The impact of PM2.5 on mortality in older adults: evidence from retirement of coal-fired power plants in the United States
Environmental Health volume 19, Article number: 28 (2020)
Evidence of causal relationship between mortality of older adults and low- concentration PM2.5 remains limited.
This study investigates the effects of low-concentration PM2.5 on the mortality of adults older than 65 using the closure of coal-fired power plants in the Eastern United States as a natural experiment.
We investigated power plants in the Eastern United States (US) that had production changes through unit shutdown or plant retirement between 1999 and 2013. We included only non-clustered power plants without scrubbers and with capacities greater than 50 MW. We used instrumental variable (IV) and difference-in-differences (DID) approaches to estimate the causal impact of PM2.5 concentrations on mortality among Medicare beneficiaries. We compared changes in monthly age-adjusted mortality before and after the retirement of coal-fired plants between the treated and control counties; we accounted for annual wind direction in our selection of treated and control counties. In the models, we initially included only county and monthly fixed effects, and then adjusted for covariates including: 1) only weather variables (temperature, dew point, pressure); and 2) weather variables and socio-economic variables (median household income and poverty rate).
The monthly age-adjusted mortality rate averaged across all plants was approximately 423 per 100,000 (SD = 69) and was higher for males than females. Mean PM2.5 concentrations across all counties were 12 μg/m3 (SD = 3.78). Using the IV method, we found that reductions in PM2.5 concentrations significantly decreased monthly mortality among older adults. IV results show that a 1-μg/m3 reduction in PM2.5 concentrations leads to 7.17 fewer deaths per 100,000 per month, or a 1.7% lower monthly mortality rate among people older than 65 years. Using the DID approach, we found that power plant retirement significantly decreased: 1) monthly PM2.5 levels by 2.1 μg/m3, and 2) monthly age-adjusted mortality by approximately 15 people per 100,000 (or 3.6%) in treated counties relative to control counties. The mortality effects were higher among males than females and its impact was the greatest among people older than 75 years.
These findings provide evidence of the effectiveness of local, plant-level control measures in reducing near-plant PM2.5 and mortality among U.S. Medicare beneficiaries.
A large number of observational epidemiological studies have established a positive association between short-term (e.g. daily or monthly) exposure to fine particulate matter (PM2.5) and mortality in the past [1,2,3,4,5,6,7]. Recent studies have shown that mortality was positively linked to PM2.5 concentrations that were lower than the current EPA standard (12 μg/m3) [8, 9]. However, the observed association between PM2.5 and mortality may result from factors other than air pollution. For example, sharp changes in air pollution levels are often driven by local weather conditions rather than changes in polluting activities. If weather conditions cause health problems through other channels, researchers have to separate out the effects of elevated air pollution on health from the weather effects. Lacking appropriate control groups makes it difficult to rule out alternative explanations in most observational studies. Longitudinal studies can also suffer from selection bias: study participants self-select into different locations; thus, their exposure to different levels of pollution is endogenous. Wealthy people, whose health status tends to be good for other reasons, can migrate to clean regions, while poor people may be confined to polluted areas. Consequently, these observational/associational approaches tend to produce unreliable estimates due to endogeneity issues . Accurately estimating the health effects of PM2.5 is critical for assessing optimal environmental policies. Overstating the impacts will lead to over-stringent environmental regulation and potentially hurt economic growth, while underestimating the impacts will provide less than optimal protection for vulnerable people (e.g. infants and the elderly) and result in significant welfare losses.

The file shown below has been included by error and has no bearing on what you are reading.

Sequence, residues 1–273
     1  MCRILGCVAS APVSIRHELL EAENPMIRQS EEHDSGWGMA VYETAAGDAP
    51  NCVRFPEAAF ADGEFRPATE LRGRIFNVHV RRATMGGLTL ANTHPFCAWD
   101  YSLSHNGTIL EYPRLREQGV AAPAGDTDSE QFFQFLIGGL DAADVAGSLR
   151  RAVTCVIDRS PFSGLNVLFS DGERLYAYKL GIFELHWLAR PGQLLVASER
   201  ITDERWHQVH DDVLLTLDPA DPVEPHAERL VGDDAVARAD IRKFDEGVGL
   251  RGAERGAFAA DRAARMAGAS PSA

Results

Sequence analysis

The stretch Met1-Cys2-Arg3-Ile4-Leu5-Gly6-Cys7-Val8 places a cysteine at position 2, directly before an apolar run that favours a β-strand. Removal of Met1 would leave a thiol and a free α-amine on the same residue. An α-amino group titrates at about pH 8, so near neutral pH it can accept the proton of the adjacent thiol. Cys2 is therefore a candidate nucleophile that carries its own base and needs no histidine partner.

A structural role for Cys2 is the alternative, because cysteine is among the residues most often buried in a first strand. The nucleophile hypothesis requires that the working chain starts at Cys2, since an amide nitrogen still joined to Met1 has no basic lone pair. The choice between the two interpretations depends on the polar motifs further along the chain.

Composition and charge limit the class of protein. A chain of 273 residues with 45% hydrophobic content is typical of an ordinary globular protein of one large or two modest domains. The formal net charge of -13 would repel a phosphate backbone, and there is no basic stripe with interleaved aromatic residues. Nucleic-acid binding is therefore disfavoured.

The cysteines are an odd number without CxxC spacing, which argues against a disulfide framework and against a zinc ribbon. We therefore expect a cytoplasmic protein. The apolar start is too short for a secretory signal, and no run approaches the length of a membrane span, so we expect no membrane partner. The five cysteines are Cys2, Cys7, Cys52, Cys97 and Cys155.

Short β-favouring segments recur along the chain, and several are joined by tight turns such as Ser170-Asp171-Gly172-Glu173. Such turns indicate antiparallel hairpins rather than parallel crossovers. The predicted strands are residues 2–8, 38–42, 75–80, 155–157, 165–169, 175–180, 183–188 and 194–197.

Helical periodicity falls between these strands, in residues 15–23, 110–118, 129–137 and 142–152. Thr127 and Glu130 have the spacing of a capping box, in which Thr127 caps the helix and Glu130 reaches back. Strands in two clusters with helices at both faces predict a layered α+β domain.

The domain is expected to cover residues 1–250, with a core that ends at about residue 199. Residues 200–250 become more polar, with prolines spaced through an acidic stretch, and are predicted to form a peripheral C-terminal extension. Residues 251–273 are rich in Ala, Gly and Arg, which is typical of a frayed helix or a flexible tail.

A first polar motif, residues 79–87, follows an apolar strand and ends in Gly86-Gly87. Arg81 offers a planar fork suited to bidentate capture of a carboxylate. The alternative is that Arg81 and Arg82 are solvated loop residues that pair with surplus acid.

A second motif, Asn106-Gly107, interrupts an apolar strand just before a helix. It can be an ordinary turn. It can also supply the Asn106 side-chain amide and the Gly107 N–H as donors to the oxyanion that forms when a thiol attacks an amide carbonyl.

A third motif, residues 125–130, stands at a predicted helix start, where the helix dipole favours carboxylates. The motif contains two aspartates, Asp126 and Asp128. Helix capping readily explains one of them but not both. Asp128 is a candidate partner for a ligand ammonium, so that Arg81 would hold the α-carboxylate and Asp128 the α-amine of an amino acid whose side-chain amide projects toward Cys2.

Coal power plants are major contributors to ambient air pollution. A typical uncontrolled (without scrubbers) coal plant (Typical plant assumptions: Capacity = 600 MW; Capacity Factor = 69%; Heat Rate = 10,415; CO2 Emissions Rate = 206 pounds of CO2/Million Btu.) emits 500 tons of small airborne particles each year. Since 2009, coal plant retirement plans have been announced across the United States due primarily to increased environmental regulations and lower prices of natural gas: these resulted in a large number of coal power plants retired from the end of 2007 through 2012. A complete list of coal plant retirements is available at: http://www.sourcewatch.org/index.php/Coal_plant_retirements.